(2) First, that the defendant tried to physically injure another person.

(3) Second, that the defendant intended to injure [name complainant] [or intended to make (name complainant) reasonably fear an immediate battery].

(4) Third, that the assault caused a serious or aggravated injury. A serious or aggravated injury is a physical injury that requires immediate medical treatment or that causes disfigurement, impairment of health, or impairment of a part of the body.

What is Felonious Assault?

Felonious assault is an attack on another person with a gun, knife, club or other dangerous weapon.

Penalties:

Up to 4 years in prison and up to $2,000 fine

What Defenses are there?

Self-Defense – You are only allowed to use the minimum amount of force necessary to protect yourself from an attack, taking into account how the stress an excitement of the situation may affect your perception.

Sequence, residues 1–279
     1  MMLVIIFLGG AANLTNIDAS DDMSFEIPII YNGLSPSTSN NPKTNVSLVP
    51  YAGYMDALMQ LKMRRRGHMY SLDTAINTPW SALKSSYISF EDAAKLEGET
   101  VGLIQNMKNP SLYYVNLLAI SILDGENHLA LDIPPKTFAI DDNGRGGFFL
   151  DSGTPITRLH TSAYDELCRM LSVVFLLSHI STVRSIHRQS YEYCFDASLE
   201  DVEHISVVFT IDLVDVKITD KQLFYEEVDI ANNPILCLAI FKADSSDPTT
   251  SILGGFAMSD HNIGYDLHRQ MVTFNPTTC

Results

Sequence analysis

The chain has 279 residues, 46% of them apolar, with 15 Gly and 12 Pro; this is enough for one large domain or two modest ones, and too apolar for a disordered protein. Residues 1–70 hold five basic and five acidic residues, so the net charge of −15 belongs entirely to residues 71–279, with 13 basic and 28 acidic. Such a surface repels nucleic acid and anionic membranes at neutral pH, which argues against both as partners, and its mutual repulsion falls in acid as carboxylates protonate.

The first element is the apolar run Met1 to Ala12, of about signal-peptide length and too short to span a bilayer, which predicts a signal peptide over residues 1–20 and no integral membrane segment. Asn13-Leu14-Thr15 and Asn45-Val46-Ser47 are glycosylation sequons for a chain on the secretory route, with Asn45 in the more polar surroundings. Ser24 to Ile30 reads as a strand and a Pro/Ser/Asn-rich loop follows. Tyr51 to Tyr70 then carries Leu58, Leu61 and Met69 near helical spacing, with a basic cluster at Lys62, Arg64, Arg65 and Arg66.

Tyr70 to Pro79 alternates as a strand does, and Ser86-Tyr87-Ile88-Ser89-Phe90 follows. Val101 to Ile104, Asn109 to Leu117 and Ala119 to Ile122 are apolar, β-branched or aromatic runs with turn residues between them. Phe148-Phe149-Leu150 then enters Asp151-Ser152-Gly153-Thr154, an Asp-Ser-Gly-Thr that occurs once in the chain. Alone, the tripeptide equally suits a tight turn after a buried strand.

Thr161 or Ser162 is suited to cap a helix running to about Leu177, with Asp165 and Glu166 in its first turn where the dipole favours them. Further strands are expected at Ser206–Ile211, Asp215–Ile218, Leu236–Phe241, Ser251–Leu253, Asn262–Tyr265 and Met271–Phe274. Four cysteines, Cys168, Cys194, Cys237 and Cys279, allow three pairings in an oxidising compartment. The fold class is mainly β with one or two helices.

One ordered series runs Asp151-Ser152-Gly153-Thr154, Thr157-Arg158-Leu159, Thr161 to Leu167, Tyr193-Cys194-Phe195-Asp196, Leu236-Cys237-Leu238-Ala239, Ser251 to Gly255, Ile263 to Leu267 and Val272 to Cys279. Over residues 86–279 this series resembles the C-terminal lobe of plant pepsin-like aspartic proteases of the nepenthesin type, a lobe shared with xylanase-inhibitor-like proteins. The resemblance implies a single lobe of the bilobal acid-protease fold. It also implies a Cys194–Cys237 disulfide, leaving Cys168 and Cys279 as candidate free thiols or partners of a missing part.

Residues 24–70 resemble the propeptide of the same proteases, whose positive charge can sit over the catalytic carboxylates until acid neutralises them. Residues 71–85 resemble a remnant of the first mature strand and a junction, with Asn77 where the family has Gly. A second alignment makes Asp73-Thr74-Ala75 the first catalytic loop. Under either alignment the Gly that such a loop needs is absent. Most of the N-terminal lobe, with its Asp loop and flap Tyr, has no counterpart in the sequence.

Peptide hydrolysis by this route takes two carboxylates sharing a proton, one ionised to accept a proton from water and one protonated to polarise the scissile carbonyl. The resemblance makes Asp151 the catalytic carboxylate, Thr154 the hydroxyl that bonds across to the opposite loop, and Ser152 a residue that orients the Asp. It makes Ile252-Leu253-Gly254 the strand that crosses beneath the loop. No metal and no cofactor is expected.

Consent/Mutual Combatants – If two people agree to fight or physical contact is involved in an activity, then there is no assault and battery. For example, playing in a contact sport.

Accident – If you didn’t intend to assault someone, then there is no assault. If you’re shooing a horsefly away and someone thinks you were trying to hit them, it is not an assault.

Jury Instruction:

The defendant is charged with the crime of felonious assault. To prove this charge, the prosecutor must prove each of the following elements beyond a reasonable doubt:

(1) First, that the defendant either attempted to commit a battery on [name complainant] or did an act that would cause a reasonable person to fear or apprehend an immediate battery. A battery is a forceful or violent touching of the person or something closely connected with the person

(2) Second, that the defendant intended either to injure [name complainant] or to make [name complainant] reasonably fear an immediate battery.

(3) Third, that at the time, the defendant had the ability to commit a batter appeared to have the ability, or thought [he / she] had the ability

(4) Fourth, that the defendant committed the assault with a [state dangerous weapon alleged].

If you want more info visit our site Ambrose Law Group

or call (248) 624-5500